In the last seven to eight years there has been a war between the online travel agencies, for whom the hotel industry is a large revenue source, and the hotels who have pushed for their own booking system and encouraged guests to book directly via their own website. Rafat says “there are companies like Hilton and Marriott and others who have focused on ‘come to us directly’, ‘book through our sites or apps’ etc so that they don’t have to pay a fee to Expedia”.

However, many hotels are also working with online agencies in cooperation, as opposed to the hotel/online travel agency wars of the early 2000s. Marriott has made technology deals with Expedia and it has grown into a much different relationship now, more symbiotic.

Considering the controversial decisions made by the prominent travel agencies and their repercussions, what comes next?

Dennis explains, “I have to believe that when the dust settles, when a recovery starts, that you’re going to be seeing hotels around the world leaning into online travel agencies because it’s all about putting heads in beds. Direct booking, that’s for another day.”

So, it would seem that during this time, all rule books and egos are out the window. Although many hosts are hurting, now is not the time to abandon our agencies.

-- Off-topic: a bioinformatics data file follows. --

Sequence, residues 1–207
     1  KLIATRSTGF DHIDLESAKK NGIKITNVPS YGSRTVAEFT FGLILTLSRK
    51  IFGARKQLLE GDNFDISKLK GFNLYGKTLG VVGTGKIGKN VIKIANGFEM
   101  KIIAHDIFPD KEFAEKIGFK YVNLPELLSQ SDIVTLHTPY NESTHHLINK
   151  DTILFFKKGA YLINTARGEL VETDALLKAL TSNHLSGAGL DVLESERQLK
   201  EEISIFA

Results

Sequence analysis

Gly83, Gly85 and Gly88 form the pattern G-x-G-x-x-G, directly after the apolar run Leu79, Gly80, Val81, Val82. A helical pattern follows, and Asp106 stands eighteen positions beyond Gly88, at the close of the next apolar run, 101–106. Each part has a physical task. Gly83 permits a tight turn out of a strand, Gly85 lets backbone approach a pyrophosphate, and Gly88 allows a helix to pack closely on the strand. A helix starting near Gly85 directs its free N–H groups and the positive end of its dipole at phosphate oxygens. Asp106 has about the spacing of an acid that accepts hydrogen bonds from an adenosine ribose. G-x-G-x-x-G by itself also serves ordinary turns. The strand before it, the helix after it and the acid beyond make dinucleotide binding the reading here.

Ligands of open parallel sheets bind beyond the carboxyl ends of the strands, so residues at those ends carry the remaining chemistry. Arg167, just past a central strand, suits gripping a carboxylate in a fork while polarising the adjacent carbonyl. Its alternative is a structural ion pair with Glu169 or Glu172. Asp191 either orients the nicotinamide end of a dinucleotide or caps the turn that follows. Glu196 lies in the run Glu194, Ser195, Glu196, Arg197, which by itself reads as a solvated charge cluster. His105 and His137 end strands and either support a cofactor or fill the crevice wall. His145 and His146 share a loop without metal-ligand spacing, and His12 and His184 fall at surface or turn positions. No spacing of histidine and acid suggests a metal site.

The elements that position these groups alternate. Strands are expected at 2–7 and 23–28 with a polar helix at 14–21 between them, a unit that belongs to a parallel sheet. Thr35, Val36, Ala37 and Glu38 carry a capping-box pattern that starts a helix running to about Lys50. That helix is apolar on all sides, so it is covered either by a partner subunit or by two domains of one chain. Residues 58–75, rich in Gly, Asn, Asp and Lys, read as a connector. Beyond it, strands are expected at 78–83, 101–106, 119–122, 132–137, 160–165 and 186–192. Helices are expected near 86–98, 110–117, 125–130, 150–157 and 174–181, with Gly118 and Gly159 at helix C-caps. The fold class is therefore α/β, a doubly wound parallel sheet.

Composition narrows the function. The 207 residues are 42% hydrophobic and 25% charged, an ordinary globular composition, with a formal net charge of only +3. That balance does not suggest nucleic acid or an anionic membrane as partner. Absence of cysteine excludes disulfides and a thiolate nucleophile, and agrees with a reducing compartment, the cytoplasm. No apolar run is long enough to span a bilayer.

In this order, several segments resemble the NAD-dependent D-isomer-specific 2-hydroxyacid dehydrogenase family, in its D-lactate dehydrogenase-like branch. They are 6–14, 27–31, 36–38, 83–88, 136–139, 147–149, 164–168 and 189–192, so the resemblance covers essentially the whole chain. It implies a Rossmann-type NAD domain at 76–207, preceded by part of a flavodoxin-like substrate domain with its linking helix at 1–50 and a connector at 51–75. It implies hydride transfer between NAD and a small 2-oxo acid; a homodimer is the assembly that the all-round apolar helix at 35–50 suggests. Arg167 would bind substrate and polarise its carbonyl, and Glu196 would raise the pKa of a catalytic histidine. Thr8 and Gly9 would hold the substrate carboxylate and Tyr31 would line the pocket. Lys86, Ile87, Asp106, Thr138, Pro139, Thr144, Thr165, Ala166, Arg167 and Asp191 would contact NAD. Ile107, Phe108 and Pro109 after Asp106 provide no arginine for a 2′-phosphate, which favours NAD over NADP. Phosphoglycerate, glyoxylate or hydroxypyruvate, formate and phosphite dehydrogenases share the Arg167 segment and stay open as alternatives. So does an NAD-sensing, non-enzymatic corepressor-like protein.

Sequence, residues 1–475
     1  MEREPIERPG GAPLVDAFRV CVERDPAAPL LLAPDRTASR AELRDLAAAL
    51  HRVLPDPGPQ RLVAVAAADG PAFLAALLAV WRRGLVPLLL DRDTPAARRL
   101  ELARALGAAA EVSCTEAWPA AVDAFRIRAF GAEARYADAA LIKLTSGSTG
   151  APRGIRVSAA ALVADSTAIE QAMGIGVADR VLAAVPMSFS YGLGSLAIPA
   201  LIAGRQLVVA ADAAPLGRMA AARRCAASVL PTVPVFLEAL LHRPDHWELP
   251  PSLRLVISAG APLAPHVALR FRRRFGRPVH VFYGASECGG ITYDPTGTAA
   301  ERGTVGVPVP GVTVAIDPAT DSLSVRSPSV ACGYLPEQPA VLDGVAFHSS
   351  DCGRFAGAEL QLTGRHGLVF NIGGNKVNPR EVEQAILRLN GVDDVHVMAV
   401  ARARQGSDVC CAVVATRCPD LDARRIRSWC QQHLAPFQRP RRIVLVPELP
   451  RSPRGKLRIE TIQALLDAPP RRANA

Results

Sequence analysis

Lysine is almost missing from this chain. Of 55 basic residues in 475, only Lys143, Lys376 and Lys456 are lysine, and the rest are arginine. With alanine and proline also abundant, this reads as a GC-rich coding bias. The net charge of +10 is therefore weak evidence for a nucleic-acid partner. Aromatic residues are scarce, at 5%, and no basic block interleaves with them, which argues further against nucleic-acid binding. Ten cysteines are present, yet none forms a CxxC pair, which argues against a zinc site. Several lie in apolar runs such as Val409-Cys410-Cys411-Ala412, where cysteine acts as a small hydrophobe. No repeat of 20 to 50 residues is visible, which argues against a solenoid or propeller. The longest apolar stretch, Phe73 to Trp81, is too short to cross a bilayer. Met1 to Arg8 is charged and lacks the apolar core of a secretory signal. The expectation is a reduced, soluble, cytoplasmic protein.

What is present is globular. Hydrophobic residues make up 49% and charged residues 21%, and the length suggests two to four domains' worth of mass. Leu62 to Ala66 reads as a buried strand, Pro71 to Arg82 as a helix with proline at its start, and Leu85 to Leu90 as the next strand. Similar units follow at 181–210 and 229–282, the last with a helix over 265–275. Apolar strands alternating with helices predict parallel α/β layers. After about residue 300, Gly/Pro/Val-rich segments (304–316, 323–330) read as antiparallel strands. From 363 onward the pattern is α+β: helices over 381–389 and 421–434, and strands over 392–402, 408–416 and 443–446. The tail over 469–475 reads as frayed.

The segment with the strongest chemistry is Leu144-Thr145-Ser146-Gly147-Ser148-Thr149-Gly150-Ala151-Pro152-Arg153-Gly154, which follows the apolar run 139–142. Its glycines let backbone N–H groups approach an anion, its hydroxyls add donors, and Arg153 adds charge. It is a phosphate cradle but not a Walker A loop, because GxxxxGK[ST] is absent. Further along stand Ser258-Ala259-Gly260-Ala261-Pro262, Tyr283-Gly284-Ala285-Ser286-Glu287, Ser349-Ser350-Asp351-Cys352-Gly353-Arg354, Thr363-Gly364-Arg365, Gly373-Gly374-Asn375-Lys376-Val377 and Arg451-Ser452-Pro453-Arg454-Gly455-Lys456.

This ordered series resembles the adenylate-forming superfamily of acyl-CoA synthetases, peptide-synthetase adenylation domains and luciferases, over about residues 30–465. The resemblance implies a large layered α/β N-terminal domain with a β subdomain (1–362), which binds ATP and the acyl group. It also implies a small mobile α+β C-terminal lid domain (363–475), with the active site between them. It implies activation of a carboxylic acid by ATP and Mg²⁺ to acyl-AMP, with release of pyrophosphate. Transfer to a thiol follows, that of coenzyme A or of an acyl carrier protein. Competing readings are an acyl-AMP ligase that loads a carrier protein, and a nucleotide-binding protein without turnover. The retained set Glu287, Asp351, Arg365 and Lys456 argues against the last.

Our advice would be, continue to advertise your property with your chosen agency until you get back on your feet. But when the time is right, start encouraging guests to book via your own site. You can do this by offering the cheapest rates if they book direct, certain promotions, extra value add-ons and entry into your guest loyalty program. This will also enable you to own the guest relationship entirely, whereas right now we pay the agencies to access our potential guests.

If there is anything that we have learnt from watching how companies like Airbnb and Vrbo do their business, it’s that we shouldn’t place all of our eggs into one basket. By cooperating with the online travel agencies, we can spread our brand awareness further while also prioritising our own booking systems on our website to ensure that they no longer have a monopoly over us, but at the same time, can still bring in revenue.

Taking back control might take some time but it’ll make for fewer nasty surprises down the road if an agency makes an abrupt and harsh decision that affects you directly and leaves you reeling as many hosts around the world currently are.

Unsure of your next step? Get clear on your hotel’s recovery strategy

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As COVID-19 is unlikely to disappear completely without an effective vaccine, it’s expected that we will have a W shaped recovery with lock downs repeatedly being enforced, relaxed and enforced again over time. Being prepared for this tumultuous recovery will stand you and your hotel in good stead to ride the waves to come.

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Magpie Creative Co. is a digital marketing and design consultancy with a worldwide client base. We provide branding, web design and online marketing for businesses that offer luxury guest experiences and require an efficient online booking system.